This is relating to the "StackOverflow is unwelcoming" debate going on.
Someone on this question within meta.stackexchange said:
[I]n the end it boils down to the quality of the post, not the poster. And I'm not saying "discrimination never happens on the basis of the poster being in a marginalized group", but downvotes are rarely cast because of the poster being who they are. In my opinion, the hostility some people experience isn't because they're a part of a marginalized group, but more because of post quality.
If it is not down to the poster being new, female, or of any other marginalised group, I feel that some things need to be sorted out and this is one of them.
One thing which newbies and "relative newbies" seem to have a problem with is how to provide a "good quality" question. What constitutes a "good quality" or "high quality" question?
Let's put this into context
What would a newbie consider to be a "post of good quality"? A question which outlines with enough detail what they are after? This is how I started. Plus I was new to the kind of coding I was posting about when I was made to feel my question was invalid.
As an example, one of my very early questions posted on Stack Overflow (and I was new to Stack Exchange too) was Using PHP, how do I link a page and load it with a variable when clicked? which received two downvotes with to my mind no valid reason given in comments. The first comment was a sarcastic:
"Yes, this is certainly possible."
and then there was a comment following that stating:
This question is off-topic because it is asking about possibilities and is not a concrete coding question. If you want to know if something is possible you should research it and attempt to implement it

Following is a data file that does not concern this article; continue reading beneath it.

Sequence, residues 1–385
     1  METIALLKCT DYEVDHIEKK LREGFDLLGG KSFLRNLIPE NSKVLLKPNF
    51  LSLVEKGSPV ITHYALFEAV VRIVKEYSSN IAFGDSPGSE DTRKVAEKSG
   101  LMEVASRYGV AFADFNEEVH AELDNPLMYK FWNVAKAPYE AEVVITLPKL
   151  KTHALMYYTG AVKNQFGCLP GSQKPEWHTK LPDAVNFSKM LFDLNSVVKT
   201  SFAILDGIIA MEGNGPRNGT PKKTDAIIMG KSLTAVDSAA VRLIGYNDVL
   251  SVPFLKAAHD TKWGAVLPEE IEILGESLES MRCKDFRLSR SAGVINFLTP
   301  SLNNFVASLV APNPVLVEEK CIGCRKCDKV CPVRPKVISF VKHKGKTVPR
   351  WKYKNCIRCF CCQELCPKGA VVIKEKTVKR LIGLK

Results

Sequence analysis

This comment was upvoted six times and I was confused. I asked a coding question and it was a valid question which I did try to research without any real way of indicating that I did.
Thankfully I got an answer but not without feeling that I am not welcome as a newbie, especially seeing others being lambasted for falling foul of standards which seem unclear to those new here, and elitism felt was shown in my comment afterwards thanking the answerer.
Isn't it interesting that we get responses like this when the person responding has a reputation figure which is astronomical to the point that they feel that they can run those learning the fine art of coding down. How do you know I haven't tried researching? I knew that the coding I had in my head was not going to work so I put the question out there after I couldn't find out elsewhere. Thankfully we have people like @mareckmareck who is willing to help.
Even though I am now a more seasoned Stack Exchange member, and although I have posted three questions on Stack Overflow this year (the first one being the first for three years) I am still a bit apprehensive of asking more questions in Stack Overflow. I have to really struggle first and it isn't a nice feeling.
Since posting about this in the same meta.stackexchange question linked above, I got a further two downvotes and the question cannot be deleted because it was answered. In case any more downvotes come my way, at the time of writing this I now have a score of -4!!!! A bit heavy handed on the downvotes is it not?
It seems that questions relating to complicated scripts of code are upvoted a lot and when a basic question is asked by someone, it is downvoted and considered invalid, even though someone else who is new to coding may find that question helpful.
So what is the answer? Can basic coding questions be considered "good enough" for Stack Overflow? If so,